Men of Honor…..
If you follow me anywhere on social media, you know I love sunrises and sunsets. I #hashtag all my sunset photos with #chasing the sunset. For me a sunset is God’s signature to the end of a day. There is something calming and soothing to the last rays of sunlight creating splashes of color through the clouds.
The photo above is the sunset from March 30, 2015…the day my dad passed away. He took his last breath at 6:30 p.m.. As the nurses were doing their final preparations before the young men came to take his body to the mortuary, Gary and I walked outside and captured the glow of the day’s end. The quiet, gentle setting of the sun was a balm to my grieving weary heart.
On a cold, snowy Spring morning we laid my dad’s body to rest in a little country cemetery in the rural community where his family had homesteaded and he had been raised.
I hand picked these six Men of Honor to carry my dad to his final resting place. They represented my dad’s life and mine, their lives intertwined with ours. They had honored my dad and his life in various ways throughout their own lives. As I mark the third anniversary of my dad’s home-going, I wanted to honor them …..
Craig Wolever is the son of my dad’s cousin, Paul. Paul fought a valiant battle before succumbing to ALS. Craig farms the land that his grandfather and his father farmed. He’s the 4th generation carrying on the traditions of family and farming. Our great-grandparents migrated from Minnesota in a covered wagon in the early 1900’s to homestead and build a future for their children.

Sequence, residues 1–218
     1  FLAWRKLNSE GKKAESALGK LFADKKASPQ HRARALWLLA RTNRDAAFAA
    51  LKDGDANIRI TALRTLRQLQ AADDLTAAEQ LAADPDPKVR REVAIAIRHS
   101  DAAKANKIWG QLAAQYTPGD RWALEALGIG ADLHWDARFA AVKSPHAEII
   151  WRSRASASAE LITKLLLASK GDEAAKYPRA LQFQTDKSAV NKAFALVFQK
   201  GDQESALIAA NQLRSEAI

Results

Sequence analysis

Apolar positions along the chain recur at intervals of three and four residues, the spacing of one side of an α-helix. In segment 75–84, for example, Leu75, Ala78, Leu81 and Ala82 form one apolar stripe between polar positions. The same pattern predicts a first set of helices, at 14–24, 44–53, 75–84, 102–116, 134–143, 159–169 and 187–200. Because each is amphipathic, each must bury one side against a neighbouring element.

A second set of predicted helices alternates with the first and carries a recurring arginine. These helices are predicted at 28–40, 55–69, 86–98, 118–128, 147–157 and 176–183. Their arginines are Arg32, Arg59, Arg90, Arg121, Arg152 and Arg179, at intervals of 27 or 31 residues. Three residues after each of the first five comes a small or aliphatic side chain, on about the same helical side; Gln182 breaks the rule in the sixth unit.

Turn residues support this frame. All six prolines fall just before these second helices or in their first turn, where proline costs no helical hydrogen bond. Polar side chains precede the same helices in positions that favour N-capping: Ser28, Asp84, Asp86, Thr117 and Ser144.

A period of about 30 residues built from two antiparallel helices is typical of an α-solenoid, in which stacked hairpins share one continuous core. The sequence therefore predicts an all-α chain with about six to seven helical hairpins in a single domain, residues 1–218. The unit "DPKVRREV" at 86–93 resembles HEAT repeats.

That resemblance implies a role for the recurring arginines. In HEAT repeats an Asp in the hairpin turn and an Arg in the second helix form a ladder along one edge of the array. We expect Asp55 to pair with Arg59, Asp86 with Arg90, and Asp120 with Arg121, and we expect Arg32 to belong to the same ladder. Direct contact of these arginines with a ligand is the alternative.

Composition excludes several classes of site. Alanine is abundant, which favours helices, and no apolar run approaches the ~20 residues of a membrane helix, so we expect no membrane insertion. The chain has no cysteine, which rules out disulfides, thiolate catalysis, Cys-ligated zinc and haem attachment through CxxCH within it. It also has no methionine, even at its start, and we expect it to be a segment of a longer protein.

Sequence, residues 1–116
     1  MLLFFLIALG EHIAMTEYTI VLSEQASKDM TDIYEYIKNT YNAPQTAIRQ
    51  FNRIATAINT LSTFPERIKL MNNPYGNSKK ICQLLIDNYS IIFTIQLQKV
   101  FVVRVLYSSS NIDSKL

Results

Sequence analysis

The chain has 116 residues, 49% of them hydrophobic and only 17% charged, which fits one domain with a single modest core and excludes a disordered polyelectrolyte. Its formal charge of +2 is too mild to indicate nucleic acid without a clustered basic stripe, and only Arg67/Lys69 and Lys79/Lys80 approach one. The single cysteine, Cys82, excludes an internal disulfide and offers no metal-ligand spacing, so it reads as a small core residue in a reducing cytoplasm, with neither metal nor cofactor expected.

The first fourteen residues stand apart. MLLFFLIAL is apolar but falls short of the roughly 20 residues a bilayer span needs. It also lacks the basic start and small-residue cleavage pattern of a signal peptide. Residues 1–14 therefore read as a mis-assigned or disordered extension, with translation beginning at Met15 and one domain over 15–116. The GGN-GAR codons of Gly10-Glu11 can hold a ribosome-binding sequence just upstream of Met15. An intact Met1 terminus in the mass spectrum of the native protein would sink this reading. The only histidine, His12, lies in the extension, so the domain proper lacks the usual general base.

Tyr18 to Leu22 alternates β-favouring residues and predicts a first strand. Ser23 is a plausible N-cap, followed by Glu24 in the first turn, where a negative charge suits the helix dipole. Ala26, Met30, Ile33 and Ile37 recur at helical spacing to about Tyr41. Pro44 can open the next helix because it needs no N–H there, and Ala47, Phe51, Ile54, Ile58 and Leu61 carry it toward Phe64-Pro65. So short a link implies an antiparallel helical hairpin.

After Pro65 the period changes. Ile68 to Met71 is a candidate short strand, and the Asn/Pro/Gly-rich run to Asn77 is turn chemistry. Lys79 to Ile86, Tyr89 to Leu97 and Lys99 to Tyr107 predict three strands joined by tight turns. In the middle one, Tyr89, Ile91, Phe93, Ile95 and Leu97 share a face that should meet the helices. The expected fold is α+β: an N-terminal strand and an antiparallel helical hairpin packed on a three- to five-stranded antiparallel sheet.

I asked my son-in-law, Shane Callicutt , to also take care of the graveside service. This is a snippet of the grace filled words he spoke over my dad’s life…..
“See, if I knew one thing about him despite his struggles, he was determined to keep living. He kept collecting stuff, he stayed involved in the lives of his grandchildren and great grandchildren. He kept friendships. Many people who wrestle with the demons he wrestled with shrink back and withdraw. Not Jerry. I think Jerry did what he could to enjoy the life he had left, and enjoy it as full as he was able. Even though Radene and I have been away for most of the last five years, from what we heard, he pushed and fought to enjoy life and family until his body finally betrayed him for the last time.
Jerry doesn’t have to worry about that betrayal anymore. He has outsmarted his body and gone to a place where he can think clearly, walk easy, and enjoy the presence of the Lord forever. How do I know this? Despite his difficulty communicating, I think he’s been trying to tell us for a long time in his own way that he had made his peace with God. Whether he was giving you a country album with gospel songs, or how he always removed his cowboy hat when the family prayed, I believe he was saying that he was with us, that he shared our belief and love for Jesus Christ. “
Dave Wolever, is the son of my dad’s oldest brother, Wesley. Dave had lost his dad several years before. Dave and I are a year a part in age. My childhood was spent wandering our grandparent’s farm with him and his three brothers. Being an only child, cousins were like “siblings” for me. We have held on to our relationship even though our branch of the family tree has suffered division and turmoil.